A subtle urge to trace the thoughts to their source,
to make an effort while in effortlessness, arose!
And from the depths of the truth it emerged,
"The path is the goal"........
Home is here, Heart is now!









Sunday, 22 June 2014

Wield Thy Weapon of Wisdom! - A poem of prayer to Ramana Maharshi

This poem is a plea to Bhagavan Ramana in the form of the Arunachala Hill in a mood of surrender to do away with the false ‘I’, or the little ‘I.’

 It is written, inspired by the talks of Brahma Sri Nochur Venkataraman on ‘Ulladhu Naarpadhu’ of Ramana Bhagavan, verse 2. Here he exposes one to a broader dimension of the ‘Fear of death’, by extending it to the changes that are constant in one’s life and not merely the death of the body. If we reflect our actions are towards steadying ourselves in order to encounter changes in future, the results of which are not in our control.

There is a fear of flux starting from our own body, mind, relationships, status, prospects, fortune etc. Therefore, death is immanent in everything and a way of transcending it as per Ramana’s words is to surrender the false identity for which these changes are apparent. Furthermore, the plea is to beseech Bhagavan to hasten the process, for the fear of being entangled in any forthcoming pleasure, which also carries the seeds of change. It is a prayer to bestow the state of equanimity in the face of pleasure and pain.

One then abides in the true Self or reality which is untouched by changes.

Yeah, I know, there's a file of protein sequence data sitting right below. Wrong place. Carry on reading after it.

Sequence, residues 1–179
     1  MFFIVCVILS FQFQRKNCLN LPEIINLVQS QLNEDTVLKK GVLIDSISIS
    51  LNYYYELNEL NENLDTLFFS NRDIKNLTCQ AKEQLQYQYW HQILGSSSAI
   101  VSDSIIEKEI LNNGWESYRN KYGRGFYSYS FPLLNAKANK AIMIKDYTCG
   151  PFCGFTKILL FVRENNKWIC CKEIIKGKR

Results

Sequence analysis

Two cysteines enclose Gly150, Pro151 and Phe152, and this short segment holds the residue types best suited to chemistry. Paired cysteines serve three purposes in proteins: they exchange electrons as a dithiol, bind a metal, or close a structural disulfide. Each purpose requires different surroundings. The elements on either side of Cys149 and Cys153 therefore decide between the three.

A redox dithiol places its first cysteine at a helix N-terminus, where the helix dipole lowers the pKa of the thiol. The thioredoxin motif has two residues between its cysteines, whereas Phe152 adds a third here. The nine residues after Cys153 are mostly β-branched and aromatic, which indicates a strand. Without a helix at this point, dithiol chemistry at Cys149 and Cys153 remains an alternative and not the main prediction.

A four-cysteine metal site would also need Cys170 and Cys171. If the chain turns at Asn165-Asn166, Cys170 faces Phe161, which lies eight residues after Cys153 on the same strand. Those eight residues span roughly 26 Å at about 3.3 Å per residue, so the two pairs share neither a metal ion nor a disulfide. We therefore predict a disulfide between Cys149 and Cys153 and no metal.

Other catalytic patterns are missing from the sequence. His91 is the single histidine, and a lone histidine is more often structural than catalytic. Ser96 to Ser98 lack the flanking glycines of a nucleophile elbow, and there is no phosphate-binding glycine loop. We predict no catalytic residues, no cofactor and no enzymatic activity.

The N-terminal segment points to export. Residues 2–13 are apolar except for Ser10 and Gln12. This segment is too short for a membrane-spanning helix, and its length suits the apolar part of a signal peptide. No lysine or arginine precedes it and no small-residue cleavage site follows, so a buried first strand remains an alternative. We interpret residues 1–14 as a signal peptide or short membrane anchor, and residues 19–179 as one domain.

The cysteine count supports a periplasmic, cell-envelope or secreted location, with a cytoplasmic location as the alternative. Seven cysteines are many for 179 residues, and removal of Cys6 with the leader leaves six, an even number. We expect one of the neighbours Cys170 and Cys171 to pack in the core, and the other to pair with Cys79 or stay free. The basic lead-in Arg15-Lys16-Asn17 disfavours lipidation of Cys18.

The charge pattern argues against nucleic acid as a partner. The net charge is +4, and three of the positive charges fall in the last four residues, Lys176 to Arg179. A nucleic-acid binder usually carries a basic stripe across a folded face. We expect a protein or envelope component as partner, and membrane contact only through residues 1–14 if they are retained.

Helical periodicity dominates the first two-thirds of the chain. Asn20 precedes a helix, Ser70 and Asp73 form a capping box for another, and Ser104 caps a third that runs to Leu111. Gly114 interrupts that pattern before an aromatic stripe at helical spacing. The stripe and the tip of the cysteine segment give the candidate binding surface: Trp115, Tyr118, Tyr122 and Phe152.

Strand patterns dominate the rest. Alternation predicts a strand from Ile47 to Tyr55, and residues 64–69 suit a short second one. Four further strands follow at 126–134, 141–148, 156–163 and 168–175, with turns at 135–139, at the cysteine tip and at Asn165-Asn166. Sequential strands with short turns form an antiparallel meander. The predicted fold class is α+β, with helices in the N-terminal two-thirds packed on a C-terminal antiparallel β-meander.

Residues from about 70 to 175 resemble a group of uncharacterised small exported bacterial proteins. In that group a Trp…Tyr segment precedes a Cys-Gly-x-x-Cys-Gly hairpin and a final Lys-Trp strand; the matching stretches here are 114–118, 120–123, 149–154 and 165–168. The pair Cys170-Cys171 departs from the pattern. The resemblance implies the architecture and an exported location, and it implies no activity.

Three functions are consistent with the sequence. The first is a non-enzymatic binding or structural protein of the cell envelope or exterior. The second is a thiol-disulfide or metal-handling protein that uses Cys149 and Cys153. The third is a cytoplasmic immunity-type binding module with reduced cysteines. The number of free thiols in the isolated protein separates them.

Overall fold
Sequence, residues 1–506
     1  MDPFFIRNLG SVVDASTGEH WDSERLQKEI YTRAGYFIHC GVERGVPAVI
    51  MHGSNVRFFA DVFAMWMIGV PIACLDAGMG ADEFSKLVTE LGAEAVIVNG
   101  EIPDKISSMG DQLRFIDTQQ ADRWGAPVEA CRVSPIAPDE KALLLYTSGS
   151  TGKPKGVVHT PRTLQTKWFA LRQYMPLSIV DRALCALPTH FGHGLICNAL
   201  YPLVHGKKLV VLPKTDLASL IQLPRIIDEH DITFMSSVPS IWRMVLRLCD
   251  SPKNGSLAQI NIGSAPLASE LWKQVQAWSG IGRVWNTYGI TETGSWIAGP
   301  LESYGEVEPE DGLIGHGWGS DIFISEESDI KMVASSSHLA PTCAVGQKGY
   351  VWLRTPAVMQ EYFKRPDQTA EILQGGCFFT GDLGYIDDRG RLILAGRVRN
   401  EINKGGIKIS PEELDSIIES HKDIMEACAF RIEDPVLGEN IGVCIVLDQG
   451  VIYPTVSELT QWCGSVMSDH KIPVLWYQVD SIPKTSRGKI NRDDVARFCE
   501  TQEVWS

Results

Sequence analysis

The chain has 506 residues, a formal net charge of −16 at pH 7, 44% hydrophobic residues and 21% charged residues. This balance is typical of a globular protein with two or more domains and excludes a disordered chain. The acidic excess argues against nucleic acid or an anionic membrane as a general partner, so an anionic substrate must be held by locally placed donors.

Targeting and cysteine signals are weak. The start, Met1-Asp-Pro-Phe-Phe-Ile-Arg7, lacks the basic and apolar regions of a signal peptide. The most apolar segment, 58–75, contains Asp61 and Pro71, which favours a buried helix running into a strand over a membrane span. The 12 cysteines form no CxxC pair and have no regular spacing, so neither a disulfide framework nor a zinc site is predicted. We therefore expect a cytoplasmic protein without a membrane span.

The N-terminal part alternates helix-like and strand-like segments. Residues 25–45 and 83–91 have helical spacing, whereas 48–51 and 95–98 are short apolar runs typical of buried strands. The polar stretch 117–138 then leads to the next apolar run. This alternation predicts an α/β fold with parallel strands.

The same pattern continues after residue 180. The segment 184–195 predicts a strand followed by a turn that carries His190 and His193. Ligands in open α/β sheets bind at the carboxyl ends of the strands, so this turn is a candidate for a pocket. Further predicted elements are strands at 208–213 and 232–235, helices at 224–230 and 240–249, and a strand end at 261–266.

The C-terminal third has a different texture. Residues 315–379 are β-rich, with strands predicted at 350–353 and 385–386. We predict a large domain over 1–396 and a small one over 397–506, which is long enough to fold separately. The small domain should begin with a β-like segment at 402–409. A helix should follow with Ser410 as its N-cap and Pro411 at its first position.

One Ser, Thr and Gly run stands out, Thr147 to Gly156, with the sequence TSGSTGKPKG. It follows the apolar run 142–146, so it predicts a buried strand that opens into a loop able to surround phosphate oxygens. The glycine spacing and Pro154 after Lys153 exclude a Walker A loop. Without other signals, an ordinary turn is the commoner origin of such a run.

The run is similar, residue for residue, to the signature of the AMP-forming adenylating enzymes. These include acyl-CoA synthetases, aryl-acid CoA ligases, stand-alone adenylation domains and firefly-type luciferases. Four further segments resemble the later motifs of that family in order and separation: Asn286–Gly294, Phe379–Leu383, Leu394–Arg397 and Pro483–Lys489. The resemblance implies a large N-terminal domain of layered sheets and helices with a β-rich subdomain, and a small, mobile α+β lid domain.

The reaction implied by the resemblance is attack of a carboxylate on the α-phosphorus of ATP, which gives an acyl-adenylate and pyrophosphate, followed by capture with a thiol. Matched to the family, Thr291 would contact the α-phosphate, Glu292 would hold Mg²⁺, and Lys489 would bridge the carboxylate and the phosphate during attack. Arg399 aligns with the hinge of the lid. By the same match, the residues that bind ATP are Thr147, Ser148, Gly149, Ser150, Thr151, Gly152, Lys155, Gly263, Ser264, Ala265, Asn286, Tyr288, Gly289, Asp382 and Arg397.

Wield Thy Weapon of Wisdom!

When the head drops low in a bow,
Wield Thy weapon of wisdom in a trice,
Strike the hood of the serpent ego,
Before another rise.

With shadows of death lurking around,
With uncertainty in all earthly claims,
Certainty is but Thy ground,
Hence, claim me with Thy aim.

Seeing death, hearing death, rather living death,
With death reigning high,
Breathing death in every breath
Deathless One, pray sever the ego knot in the tie.


 Every dusk sees a dawn
With streaks of death in the relative sky,
Quick to it I am  drawn, so wield Thy wisdom weapon,
For once for all to die.

Kill the ego with surrender you said,
None but Thou cast the state in me,
Blazing wisdom, Arunachala red,
Come claim Thy Kill that I be.

Thy weapon of wisdom is of love,
With death dead in Thy embrace,
With no trace of the little ‘I’ left
And all that remains is but Grace!

Tuesday, 5 November 2013

Arunachala Siva -The Immovable Eternity